Friday, October 31, 2008
"According to a new Nielsen report, the more Internet you use, the more TV you watch; 31 percent of in-home Internet activity takes place while the user watches TV. (emailed release)" I look forward to learning more about this report. I never expected to hear that this was a zero sum game; rather, it paves the way for more interactivity on the TV set. Today, I am able to size a TV screen on one portion of my monitor as I surf through the web or work on an excel spreadsheet, the sound of CNBC announcers on my speakers. When I need to answer the phone or watch a video, I simply mute the TV sound. I was raised to multitask and expect that the younger generation is even more adept at it. In fact, I am only surprised that the research doesn't indicate an even higher percentage of simultaneous usage.
I am not using this blog to endorse a candidate. What I find remarkable is that the Obama infomercial, airing on numerous broadcast and cable networks, delivered ratings that surpassed the normal fare on each network individually. It beat the ratings for Old Christine on CBS, it beat the ratings for Knight Rider on NBC, it beat the ratings on ABC who actually ran their show, Pushing Daisies opposite the Obama program. And on cable, it beat ratings for Keith Olbermann on MSNBC. Wow!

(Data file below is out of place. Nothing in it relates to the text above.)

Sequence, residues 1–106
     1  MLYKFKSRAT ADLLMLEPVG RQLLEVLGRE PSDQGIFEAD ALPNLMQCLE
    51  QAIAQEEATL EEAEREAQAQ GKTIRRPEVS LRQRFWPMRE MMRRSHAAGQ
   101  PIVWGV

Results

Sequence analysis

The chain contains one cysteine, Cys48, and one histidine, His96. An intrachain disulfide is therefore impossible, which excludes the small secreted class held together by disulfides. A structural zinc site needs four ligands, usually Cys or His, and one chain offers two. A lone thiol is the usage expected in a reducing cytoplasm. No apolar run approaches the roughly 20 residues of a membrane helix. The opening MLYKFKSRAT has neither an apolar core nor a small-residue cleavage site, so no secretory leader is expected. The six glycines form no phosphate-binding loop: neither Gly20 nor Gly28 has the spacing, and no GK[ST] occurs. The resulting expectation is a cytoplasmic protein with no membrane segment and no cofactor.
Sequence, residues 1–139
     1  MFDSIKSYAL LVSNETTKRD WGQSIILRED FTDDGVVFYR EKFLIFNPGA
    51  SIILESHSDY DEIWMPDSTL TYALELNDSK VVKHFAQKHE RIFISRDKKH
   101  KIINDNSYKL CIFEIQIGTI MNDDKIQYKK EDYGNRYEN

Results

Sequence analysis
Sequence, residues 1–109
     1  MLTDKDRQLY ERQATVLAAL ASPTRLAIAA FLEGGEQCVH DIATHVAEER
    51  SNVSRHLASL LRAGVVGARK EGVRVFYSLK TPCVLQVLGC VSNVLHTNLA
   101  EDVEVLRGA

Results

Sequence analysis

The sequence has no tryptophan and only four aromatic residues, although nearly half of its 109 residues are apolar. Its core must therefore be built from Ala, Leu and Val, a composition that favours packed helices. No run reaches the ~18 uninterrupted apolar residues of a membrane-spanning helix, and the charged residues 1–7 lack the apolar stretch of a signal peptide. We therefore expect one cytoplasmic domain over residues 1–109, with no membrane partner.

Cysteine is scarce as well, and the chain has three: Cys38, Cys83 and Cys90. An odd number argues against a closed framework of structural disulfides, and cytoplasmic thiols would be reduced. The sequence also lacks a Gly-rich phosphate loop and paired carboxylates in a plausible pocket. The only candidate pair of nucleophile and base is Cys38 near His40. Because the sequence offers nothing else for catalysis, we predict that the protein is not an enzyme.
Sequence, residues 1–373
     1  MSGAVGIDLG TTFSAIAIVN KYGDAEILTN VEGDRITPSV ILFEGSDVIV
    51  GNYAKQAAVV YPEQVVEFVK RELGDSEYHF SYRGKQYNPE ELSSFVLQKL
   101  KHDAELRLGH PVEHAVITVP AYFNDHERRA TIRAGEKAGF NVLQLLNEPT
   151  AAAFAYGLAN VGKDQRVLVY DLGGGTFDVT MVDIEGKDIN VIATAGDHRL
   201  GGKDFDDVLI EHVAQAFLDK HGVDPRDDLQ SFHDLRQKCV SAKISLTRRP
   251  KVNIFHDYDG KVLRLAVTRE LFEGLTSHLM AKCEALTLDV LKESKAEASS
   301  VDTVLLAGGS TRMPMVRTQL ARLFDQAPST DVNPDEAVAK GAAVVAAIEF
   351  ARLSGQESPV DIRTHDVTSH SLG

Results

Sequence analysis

There is an incredible thirst to see and hear these candidates before Tuesday's election. That the interest level drove people to watch TV, regardless of the channel, tells me that interesting programming draws viewership. Does it also say that the current programming on TV today is so unappetizing that people have turned away from TV. Perhaps. I may be a big fan of SNL but how many times can NBC keep running the show on prime time. It may be topical but it may also be overkill. Or perhaps NBC has nothing else to present. "During a season where television hits are hard to find, one NBC executive suggested jokingly Wednesday that Mr. Obama might be invited back to fill the 8 p.m. Wednesday time slot on a regular basis." The writers strike may have done more damage to broadcast TV schedules than we could possibly imagine.
Back to the Obama infomercial, its rating success only lacked local commercial insertion to make it even more profitable. While the programming was duplicative, it is interesting to see where people chose to view the show. It was exactly the same show regardless of where it was watched. It speaks to brand preference and would be fascinating to learn why viewers picked the channel they did to view this show. For me, I picked Fox; Game 5 of the World Series would follow and I didn't want to miss a pitch of this Fall Classic.